Last February, Roy set up the web site and blog for my birthday present. I have now been blogging for a whole year!  This is the longest I have done any kind of a journal on my own.  I have tried to maintain some standards:  keep it interesting, a bit witty and don’t horribly mangle the English language.  Plus remember: anyone can Google you.   It seems to be popular: I have a total of about 9000 hits, with over 4100 going through to read articles,  I am typically getting 200-300 read article hits per week now. But I can’t get too excited, some significant portion of hits are web spiders (not people), and some are me looking for stuff.    There have been 83 entries, 31 on food and 30 on books. The most popular entry has been the review on Animal, Vegetable, Mineral by Barbara Kingsolver.  Enough statistics -- pretty soon you will be wondering how old I am.  Roy claims I have hit my rebellious teenage years in my 40’s (implying that I’m no longer 39…).  My rebellions started small (like not serving green bean casserole at Thanksgiving), and the latest has been to forsake working for a big corporation to start a consulting business… Parallel Semiconductor, LLC.    OK, I will still be working (knock on wood) for big corporations.. but hoping to have a bit more variety, and a bit more free time (although the people in this business keep telling me its feast or famine).   So this February, Roy has set up another web site for me:  www.parallelsemi.com.  Check it out, wish me luck, and expect me to keep being a little rebellious.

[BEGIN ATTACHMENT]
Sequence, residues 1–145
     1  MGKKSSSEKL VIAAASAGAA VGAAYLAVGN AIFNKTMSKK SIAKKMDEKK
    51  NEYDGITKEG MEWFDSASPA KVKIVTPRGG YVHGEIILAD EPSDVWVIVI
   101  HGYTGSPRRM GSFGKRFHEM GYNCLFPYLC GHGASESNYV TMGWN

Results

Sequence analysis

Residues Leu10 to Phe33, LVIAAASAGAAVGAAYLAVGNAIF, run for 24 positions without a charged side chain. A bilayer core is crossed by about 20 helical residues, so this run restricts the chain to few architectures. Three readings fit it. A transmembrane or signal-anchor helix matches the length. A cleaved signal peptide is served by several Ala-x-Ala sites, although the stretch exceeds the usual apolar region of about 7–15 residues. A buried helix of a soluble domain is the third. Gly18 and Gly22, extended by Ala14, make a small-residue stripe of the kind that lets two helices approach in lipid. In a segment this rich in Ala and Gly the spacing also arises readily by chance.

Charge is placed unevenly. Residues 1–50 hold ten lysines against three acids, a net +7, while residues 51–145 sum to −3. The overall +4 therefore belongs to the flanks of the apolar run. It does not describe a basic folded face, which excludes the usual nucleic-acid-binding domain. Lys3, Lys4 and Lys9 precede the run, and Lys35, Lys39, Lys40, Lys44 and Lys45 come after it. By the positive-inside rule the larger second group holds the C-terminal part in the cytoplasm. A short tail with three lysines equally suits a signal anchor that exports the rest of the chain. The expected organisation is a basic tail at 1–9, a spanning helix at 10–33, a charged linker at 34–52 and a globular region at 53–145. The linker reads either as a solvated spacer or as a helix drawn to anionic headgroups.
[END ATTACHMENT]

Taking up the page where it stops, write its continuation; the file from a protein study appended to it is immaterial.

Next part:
Wednesday, February 13, 2008

Sometimes, things don’t turn out how you think…

If it seems like it’s been a long time since I have posted anything about what’s come out of the kiln, well, it has.  The kiln has been fired many times since September (the last time I posted). I have done a couple of bisque firings (not too exciting or photogenic), and I have done two glaze firings…  mostly the same things twice, and some still aren’t done.   For me, there is always the problem of expectations.  When I put glaze on something, I always have in mind what I think it should come out like, even though there are a thousand variables, and I’m not exactly precise about how I do it.  As a result, things different than expected, not implying good or bad, just different.   Sometimes, I just set them aside for long enough to forget my expectation, and can look at them objectively.  But I really didn’t like the pieces in January’s firing.  After more glaze, and another firing, they are better… but have been set aside (and I’m guessing I will add more glaze and fire awaylater).  I did get a few pieces out, some masks, and some small pieces with new glaze.  Check them out.  And remember, if you want something, the best time to ask is soon after it comes out of the kiln, and I have not figured out if I like it or not, when its not past the point of “it’s not like I though it  would be”.